Legislation to fix Access to Medicines Regime has its solution ripped out

Ottawa, ON- Today, Brian Masse, NDP Industry, Automotive and Border Critic slammed all the Conservatives and one Liberal member, Marc Garneau, of the House of Commons Industry committee for gutting the bill to fix Canada’s Access to Medicines Regime (CAMR) during the clause-by-clause phase by removing the ‘one license’ provisions from the legislation.

“It is outrageous that the government committee members and a sole Liberal member, after claiming to be concerned about the health of poor people around the world, voted to remove the mechanism that would provide the needed medications,” Masse stated. “This is an insult to all of the thousands of Canadians across the country who have worked so hard for this bill to fix the broken Access to Medicines Regime. It is unfortunate that these committee members chose to side with large foreign pharmaceutical corporations rather than sick children in poor countries.”

Canada's Access to Medicines Regime was introduced by the Liberal government of Paul Martin. It was meant to follow through on Jean Chrétien's Pledge to Africa by allowing generic drug makers to create versions of essential life saving brand-name patented medicines for sale to the poorest countries. Legislation created by CAMR was initially passed by Parliament just over five years ago with support from all political parties but many civil society groups have been advocating for its improvement. In its five years of operation, CAMR has only been used once due to its complexity and difficulty of use. The obstacles are enormous and CAMR has been deemed unworkable in its present form.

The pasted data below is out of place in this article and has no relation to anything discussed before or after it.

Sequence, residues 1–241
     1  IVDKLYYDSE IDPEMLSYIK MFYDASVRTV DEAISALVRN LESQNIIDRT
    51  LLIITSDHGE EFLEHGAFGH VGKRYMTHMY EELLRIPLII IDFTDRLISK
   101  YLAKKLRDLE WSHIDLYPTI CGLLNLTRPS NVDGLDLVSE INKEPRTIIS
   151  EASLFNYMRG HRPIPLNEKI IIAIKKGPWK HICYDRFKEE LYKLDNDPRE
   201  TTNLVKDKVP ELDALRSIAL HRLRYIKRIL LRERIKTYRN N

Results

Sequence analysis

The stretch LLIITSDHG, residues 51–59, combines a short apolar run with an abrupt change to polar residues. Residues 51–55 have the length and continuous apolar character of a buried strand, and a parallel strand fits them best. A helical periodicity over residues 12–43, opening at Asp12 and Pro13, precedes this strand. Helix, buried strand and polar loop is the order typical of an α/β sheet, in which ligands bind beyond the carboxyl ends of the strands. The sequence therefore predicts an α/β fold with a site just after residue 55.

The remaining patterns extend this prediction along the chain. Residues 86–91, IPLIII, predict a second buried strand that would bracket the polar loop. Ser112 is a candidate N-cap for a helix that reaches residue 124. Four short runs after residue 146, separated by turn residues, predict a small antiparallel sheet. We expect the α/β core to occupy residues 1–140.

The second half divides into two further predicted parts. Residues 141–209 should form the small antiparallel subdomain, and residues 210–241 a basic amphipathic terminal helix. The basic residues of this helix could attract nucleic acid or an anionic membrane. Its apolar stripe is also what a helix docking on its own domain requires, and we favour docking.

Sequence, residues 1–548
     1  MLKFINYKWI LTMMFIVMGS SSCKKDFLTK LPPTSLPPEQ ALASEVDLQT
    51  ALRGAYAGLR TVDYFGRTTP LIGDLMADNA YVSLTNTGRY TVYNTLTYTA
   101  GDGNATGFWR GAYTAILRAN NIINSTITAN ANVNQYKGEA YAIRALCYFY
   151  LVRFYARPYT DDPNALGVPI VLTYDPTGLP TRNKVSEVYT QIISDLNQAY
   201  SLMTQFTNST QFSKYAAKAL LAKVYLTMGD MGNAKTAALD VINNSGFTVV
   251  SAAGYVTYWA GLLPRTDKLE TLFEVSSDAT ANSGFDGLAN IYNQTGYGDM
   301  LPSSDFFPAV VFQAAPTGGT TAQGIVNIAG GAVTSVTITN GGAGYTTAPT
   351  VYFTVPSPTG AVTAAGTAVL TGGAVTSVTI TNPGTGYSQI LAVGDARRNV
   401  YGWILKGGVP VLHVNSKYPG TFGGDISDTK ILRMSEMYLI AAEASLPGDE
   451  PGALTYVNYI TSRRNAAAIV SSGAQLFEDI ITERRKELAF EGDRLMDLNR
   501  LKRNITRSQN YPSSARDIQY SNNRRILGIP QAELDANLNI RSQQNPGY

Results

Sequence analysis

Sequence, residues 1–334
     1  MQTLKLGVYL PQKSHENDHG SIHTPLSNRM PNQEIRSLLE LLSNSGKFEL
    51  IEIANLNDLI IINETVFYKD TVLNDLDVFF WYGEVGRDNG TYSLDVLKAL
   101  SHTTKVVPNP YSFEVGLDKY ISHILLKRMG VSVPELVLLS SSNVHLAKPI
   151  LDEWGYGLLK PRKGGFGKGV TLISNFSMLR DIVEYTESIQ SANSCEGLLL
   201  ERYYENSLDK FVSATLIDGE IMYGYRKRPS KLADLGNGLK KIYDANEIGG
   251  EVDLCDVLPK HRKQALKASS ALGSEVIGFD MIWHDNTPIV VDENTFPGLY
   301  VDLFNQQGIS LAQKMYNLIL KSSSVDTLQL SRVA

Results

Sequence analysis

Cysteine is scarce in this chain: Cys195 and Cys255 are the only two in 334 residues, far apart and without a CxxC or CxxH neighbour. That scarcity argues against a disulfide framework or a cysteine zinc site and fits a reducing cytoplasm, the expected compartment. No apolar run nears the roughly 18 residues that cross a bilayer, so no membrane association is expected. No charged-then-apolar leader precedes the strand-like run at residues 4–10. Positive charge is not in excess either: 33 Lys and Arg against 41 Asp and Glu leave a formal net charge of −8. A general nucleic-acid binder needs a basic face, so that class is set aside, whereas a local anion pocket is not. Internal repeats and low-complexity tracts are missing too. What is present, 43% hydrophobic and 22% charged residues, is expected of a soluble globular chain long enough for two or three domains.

Before being amended, Bill C-393 called for CAMR to be streamlined with a simplified ‘one-license solution’ as proposed by the NDP, almost all NGOs working in the international health field, civil society groups, and world renown health experts . This approach would eliminate the need for separate negotiations with patent-holders for each purchasing country and each order of medicines, providing a more workable process to get affordable medicines for people in developing countries with HIV/AIDS, TB, Malaria and a host of other diseases.

“The government and a member of the Liberal party’s leadership have been exposed as not really wanting to fix CAMR. A weakened bill will be voted on in the House. Foreign drug companies have more influence with the government and senior levels of the Liberal party than thousands of Canadians, international humanitarian organizations, or health experts. This is shameful and embarrassing for the country,” Masse stated.